Den Cam Live - UPDATE February 18, 2021

Denning bear

It’s TIME! We now have clearance to go live with this wild den cam at 5 PM bear time tomorrow February 19. That’s when it will begin streaming live on YouTube and Bearstudy.org. I don’t yet know the link to it on YouTube, but you will be able to watch it directly from Bearstudy.org and the video will have a link that takes you to YouTube if you prefer.

The ‘den’ is under the porch of a wonderful, cooperative couple. Along the way, a surprise was that this bear is not Lily as we had first thought. Reports from trail cams were that it was Lily, and I could not disagree based on what I could see in the den. But then the birthing period came and went in mid-January with no sounds of cubs, helping us understand why this bear was still active in late October when pregnant females like Lily were long in dens. It’s undoubtedly a male—the first wild male ever to be observed on a den cam. We’ll be looking to see how his behavior differs from the females we watched in 2010-2013 and how it differs from captive Ted’s.

I suspect he is a bear we know. He’s very calm. When I first peeked under the porch in late October, he looked at me and relaxed. He tucked its head back down and ignored me even when I got up to leave. He stayed put even when a noisy snowplow plowed within 5 feet of the porch on two sides after each snowfall.

Now, as we go forward, we’ll all be looking for identifying marks on his face and chest.

Our purpose with this den cam, according to the permit, is “to teach the public about the biology and behavior of bears in a way that advances the public’s understanding of that species.” To help with that, den cam watchers could again record the biology and behaviors of this bear as they did with Lily, Jewel, and Juliet back in 2010-2014. Contact Linda McColley at This email address is being protected from spambots. You need JavaScript enabled to view it. if you are interested in volunteering as a den watcher.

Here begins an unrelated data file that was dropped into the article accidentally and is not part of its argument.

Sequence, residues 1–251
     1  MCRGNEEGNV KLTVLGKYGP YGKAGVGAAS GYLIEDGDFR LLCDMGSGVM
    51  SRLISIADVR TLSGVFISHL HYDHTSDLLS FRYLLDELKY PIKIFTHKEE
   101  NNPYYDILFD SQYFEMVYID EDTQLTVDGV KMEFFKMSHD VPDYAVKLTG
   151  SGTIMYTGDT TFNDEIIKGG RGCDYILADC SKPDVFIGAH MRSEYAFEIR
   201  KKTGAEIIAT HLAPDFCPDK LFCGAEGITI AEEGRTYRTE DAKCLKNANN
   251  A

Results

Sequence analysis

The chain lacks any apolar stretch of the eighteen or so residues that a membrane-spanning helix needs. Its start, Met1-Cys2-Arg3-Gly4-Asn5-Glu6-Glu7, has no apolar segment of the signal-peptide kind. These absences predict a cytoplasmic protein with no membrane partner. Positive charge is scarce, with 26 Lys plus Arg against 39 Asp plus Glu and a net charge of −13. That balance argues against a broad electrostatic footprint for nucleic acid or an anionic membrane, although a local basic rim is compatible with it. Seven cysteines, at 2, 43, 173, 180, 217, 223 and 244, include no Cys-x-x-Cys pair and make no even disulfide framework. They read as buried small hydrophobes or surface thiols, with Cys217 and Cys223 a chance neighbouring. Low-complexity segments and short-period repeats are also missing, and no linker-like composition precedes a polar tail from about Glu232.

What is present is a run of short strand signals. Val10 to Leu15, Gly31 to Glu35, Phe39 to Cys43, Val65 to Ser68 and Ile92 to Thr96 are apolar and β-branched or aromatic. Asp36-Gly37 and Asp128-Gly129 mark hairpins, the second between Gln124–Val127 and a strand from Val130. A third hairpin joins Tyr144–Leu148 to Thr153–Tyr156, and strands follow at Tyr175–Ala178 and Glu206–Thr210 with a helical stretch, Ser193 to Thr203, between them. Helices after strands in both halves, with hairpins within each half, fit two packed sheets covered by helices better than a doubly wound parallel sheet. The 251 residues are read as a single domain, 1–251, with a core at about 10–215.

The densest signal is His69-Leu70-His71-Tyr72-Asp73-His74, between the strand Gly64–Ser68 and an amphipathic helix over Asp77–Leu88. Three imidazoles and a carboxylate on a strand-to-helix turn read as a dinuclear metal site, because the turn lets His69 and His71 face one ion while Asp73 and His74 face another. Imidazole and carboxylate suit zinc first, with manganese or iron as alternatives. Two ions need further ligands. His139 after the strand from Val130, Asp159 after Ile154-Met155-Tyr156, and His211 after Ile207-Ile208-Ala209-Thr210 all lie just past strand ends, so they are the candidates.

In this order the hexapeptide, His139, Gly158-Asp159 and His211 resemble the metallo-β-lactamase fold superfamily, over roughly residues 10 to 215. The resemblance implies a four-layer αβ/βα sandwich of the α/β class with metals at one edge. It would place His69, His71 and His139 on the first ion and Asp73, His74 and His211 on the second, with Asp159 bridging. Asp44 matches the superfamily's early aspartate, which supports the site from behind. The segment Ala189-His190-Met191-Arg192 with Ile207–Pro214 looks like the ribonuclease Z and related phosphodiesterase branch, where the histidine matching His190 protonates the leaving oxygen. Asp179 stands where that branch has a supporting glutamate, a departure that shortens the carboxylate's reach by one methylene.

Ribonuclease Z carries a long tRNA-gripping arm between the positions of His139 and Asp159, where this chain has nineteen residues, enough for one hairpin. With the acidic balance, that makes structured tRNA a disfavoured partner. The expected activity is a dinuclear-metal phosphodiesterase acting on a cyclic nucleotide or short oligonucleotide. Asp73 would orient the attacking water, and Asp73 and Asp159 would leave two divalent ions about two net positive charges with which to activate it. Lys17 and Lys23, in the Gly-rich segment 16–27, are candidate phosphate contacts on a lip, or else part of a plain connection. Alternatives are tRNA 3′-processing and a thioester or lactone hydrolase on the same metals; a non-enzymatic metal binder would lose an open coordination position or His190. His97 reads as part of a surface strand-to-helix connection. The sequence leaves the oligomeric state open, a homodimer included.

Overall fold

If the DNR is happy with us this year, we might be able to use radio collars to follow Lily, Jewel, and others to dens in the future. This start might be a short one, though. With less snow than usual so far this year, this male could be up and around before the end of March. Adult males are the first to leave their dens in spring.

I’m glad to have a DNR permit to be doing this once again. People have been telling me how much they miss the den cams, and some are wanting to use it as part of homeschooling in this time of covid.

Thank you for all you do.
Lynn Rogers, Biologist, Wildlife Research Institute and North American Bear Center

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